Regarding the Cronut Craze

crazy cronut line in NYC

I've come to realize that there is good reason for Dominique Ansel to patent the name "cronut". I am now of the opinion that his creation is probably worthy of its glorified, trendy status of late, whereas the knockoff creations appearing around the world and Sacramento are, for the most part, third rate.

For the uninitiated, a cronut is a hybrid croissant doughnut wherein croissant dough is cut into doughnut form and deep fried, then glazed and filled. Dominique Ansel is a pastry chef in New York City and the creator of this delight that has become the latest darling of the foodie world. At his bakery in NYC the cronut line wraps around city blocks with an average wait of three hours.

Zagat tastes the cronut

It is no wonder that shops around the world are trying to cash in by copying it. Last week Chris Macias wrote about the trend in the Sacramento Bee and about where one could find the copycats in Sacramento. In it I was quoted about it being overhyped and the latest thing for foodies to be the first to experience and try - my friends included. Doughbot Donuts also chimed in saying they had no interest in making them, despite the begging of their customers.

My other problem with the knockoffs (and even my prior skeptism of the original) has to do with the fact that I do tend to be a food snob when it comes to pastries. I've traveled the world and there's something to be said about European bakeries. I've had really good pastries and REAL croissants. People don't realize that there are a lot of shortcut, poor quality croissants in the world.

So I had intended to just make my own after seeing the video posted on the internet. The video showed a shortcut method of using frozen croissant dough, which I was willing to try. You see, back in 2011 I tried making croissant dough as part of Daring Bakers. Been there. Done that. Don't need to do it again. Making croissant dough is a very time consuming process and a big pain in the ass. Why bother unless you are an actual pastry chef? And if you look at the croissant recipe in that post, you'll see it has 57 steps!!!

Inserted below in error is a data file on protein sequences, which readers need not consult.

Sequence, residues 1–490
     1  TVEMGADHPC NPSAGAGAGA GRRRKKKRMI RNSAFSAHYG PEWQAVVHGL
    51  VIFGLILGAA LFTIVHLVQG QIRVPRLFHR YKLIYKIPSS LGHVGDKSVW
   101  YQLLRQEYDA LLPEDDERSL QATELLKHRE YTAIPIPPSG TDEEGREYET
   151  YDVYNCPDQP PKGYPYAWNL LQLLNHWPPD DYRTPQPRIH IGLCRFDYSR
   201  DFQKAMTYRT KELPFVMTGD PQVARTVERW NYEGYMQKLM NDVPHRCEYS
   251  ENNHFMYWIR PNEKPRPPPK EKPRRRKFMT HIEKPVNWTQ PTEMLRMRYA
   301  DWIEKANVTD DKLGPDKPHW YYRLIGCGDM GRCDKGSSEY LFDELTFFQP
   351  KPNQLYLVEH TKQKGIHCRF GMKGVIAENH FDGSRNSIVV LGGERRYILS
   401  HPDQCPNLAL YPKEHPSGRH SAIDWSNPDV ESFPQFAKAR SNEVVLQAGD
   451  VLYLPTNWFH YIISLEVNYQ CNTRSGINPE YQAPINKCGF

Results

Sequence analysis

So I started calling around looking for the frozen dough. No one has it. I even called La Bou, but they get all their croissants pre-formed from the factory and just pop them in the oven. Bryan at Doughbot told me today that I could get sheets of puff pastry at Restaurant Depot and cheat that way. 

The problem with that, as he and I know, is that puff pastry is not the same as croissant dough, even though people often cheat and use it for croissants. I also made puff pastry for Daring Bakers back in 2009. Although the procedure of folding the dough and butter over and over to create layers is similar, croissant dough has yeast, puff pastry does not. Oh, and by the way, Ansel even says in the video above that his cronut dough is slightly different than croissant dough.

So I gave in and just went and bought some cronuts from the Croissant Factory on Riverside Boulevard and took them over to Doughbot for a taste test. I figured the best place to pick up a knockoff would be at least to pick them up from a place making croissants. The problem is, Croissant Factory croissants are nice, but they aren't REAL croissants. They are texturally different. Anyway, I ordered three with custard filling and chocolate glazed and headed over to Doughbot.

It's after tasting these copycat cronuts that I had my realization. Yes, there was a nice crunch on the outside and then a buttery, chewy texture as I ate it, but it was still nothing special. And as Bryan and I talked about it, it came to me why people stand in three hour lines and why these copycats will never compare. 

You can just see it in pictures.

The real cronut is TALL. The fakes are not. Real cronuts have beautiful separated layers. The fakes are not of the same quality.

Most copycat cronuts are not making real croissant dough from scratch. I doubt any of the ones in Sacramento are, although I don't know for sure. In fact, the only cronut I'll trust to be close to the original here in Sacramento is if Estelle's Patisserie makes them. (Estelle's is making them every Sunday. Sadly, they still don't come close to Ansel's. Was there buying a regular croissant since I was so disappointed at the croixnut.  It was 10:30 and they hadn't sold out yet. (Tip: they actually open at 8am so even tho they say croixnuts at 9, you can get them at 8).  Anyway, I was looking at them and they vary greatly in height. So my suggestion is that IF you are going to get a croixnut, be picky and point to the tallest one. You'll are much more likely to get it the way it should be, with lifted layers.)

Estelle's croixnut - still disappointing

So thus came my realization. Maybe I would stand in line for three hours to try Ansel's cronut if I ever go to NYC. After all, he's the originator, he's a pastry chef, and his do look beautiful in the pictures and videos I've seen. But these knockoffs in Sacramento?  I'll pass.